A relevant fact, neglected by the BBC television fiasco, was that the local critic (Kate Thomas) had been ostracised by dictatorial Findhorn Foundation officials. One of these oppressors was an American with near schizophrenic moods of aggression and amity; he was notorious within the Foundation community for intimidation. Another bully was a dogmatic and persecuting German partisan of alternative therapy who declared that God had given him the custodianship of Cluny Hill College (now the Findhorn Foundation College), a centre for new age therapy, channelling, and neoshamanism. The extremist behaviour, including harassment, did not accord with the glowing publicity created by such personnel.
Commercial promotion of a disputed trademark therapy, known as Holotropic Breathwork (hyperventilation), was another problem in the “spiritual education” package at the Findhorn Foundation. The entrepreneur Stanislav Grof made grand claims for his investment, otherwise known as Grof Transpersonal Training Inc.  At Findhorn, many women were observed to undergo distressing symptoms in related “workshops” conducted by Foundation staff with no medical training. Dissenters from “therapy” were blacklisted; the promoters were glorified. Money was obtained from suffering clients of hyperventilation who were indoctrinated with Grof  “spiritual emergency” lore.
Kate Thomas (1928-2017) strongly resisted Holotropic Breathwork, as did medical doctors. This disagreement meant that Thomas (Jean Shepherd) had to be suppressed by the Foundation management.  The BBC failure to negotiate anti-medical bias occurred in 1992, a year before an important medical verdict from Edinburgh University emerged. The Foundation management were reluctant to comply with the expert warning. They never did acknowledge that Thomas had been correct, instead opting for a continual hostility towards her. She had compromised the much publicised (and fabulated) economic impact. Medical knowledge was a subject of derision amongst the alternative “therapists.”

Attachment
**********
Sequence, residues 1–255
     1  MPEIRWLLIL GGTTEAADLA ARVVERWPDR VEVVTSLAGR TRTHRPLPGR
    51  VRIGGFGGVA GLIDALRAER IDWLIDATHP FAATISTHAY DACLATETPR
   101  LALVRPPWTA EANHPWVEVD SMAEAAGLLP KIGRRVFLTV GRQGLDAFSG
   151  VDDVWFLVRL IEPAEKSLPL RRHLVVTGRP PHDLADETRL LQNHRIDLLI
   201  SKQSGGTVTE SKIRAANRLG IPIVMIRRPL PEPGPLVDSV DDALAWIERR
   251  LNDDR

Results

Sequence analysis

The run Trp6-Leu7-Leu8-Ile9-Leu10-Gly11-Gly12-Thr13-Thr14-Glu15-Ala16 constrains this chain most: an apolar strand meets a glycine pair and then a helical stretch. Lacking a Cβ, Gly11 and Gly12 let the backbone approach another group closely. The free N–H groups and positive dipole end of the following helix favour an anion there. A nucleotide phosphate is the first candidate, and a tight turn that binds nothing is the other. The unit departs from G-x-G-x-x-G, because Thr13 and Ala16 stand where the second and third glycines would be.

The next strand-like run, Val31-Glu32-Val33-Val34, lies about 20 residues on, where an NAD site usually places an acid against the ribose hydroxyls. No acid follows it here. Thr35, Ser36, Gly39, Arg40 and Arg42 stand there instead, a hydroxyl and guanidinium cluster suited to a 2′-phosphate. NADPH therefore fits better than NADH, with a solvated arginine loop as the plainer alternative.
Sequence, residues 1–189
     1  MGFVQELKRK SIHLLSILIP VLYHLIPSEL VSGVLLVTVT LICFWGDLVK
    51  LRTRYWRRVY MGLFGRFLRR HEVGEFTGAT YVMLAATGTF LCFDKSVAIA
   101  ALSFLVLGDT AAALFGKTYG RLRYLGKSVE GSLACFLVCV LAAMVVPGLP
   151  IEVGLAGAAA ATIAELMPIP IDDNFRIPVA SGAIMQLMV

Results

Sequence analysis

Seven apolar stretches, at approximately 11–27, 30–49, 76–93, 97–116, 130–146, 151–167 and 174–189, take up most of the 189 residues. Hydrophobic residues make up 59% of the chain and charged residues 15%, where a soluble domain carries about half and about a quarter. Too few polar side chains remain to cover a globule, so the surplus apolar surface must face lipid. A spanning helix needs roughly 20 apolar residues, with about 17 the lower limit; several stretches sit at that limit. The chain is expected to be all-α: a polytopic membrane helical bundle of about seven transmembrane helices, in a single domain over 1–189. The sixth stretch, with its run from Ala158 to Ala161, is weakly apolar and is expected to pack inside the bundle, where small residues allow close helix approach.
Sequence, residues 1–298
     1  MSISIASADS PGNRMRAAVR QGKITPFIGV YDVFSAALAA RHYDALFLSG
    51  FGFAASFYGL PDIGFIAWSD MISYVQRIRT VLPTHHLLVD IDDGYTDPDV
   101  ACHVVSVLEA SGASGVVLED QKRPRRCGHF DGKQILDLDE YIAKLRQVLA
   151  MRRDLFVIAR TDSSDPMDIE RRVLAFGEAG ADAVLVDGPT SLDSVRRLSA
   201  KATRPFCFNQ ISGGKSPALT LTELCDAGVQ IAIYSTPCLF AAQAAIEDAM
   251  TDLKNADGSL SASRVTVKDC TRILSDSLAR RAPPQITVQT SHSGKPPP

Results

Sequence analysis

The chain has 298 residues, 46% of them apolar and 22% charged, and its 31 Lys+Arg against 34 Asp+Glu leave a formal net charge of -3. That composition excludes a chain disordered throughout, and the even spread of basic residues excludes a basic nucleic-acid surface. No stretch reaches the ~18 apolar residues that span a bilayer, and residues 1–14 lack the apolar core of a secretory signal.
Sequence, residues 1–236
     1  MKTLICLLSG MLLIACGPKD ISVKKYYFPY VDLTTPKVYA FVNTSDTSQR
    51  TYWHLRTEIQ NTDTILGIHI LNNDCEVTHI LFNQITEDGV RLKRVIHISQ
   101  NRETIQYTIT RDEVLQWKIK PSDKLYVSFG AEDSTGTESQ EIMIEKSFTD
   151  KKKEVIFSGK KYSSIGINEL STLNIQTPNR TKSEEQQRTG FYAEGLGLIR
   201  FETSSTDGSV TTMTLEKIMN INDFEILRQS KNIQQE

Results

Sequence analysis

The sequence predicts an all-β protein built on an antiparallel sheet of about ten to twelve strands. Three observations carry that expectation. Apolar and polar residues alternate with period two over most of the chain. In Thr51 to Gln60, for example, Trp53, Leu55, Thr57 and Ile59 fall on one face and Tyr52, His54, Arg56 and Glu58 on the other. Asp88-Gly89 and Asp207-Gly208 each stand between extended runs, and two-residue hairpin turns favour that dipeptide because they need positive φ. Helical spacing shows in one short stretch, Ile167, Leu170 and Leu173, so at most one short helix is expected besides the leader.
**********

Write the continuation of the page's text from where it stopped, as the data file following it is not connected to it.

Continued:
A decade later, Thomas was cordoned by a Findhorn Foundation Trustee (Janice Dolley). This was because of her resistance to drug use and related matters. Standing for principle in the new age is a dead-end, as this instance confirms. Scruple is very unpopular, in view of widespread indulgences. Cocaine, cannabis, Ecstasy, LSD, all these are recreation and confectionery for lazy mystics and “therapists.” The role model damage is pervasive.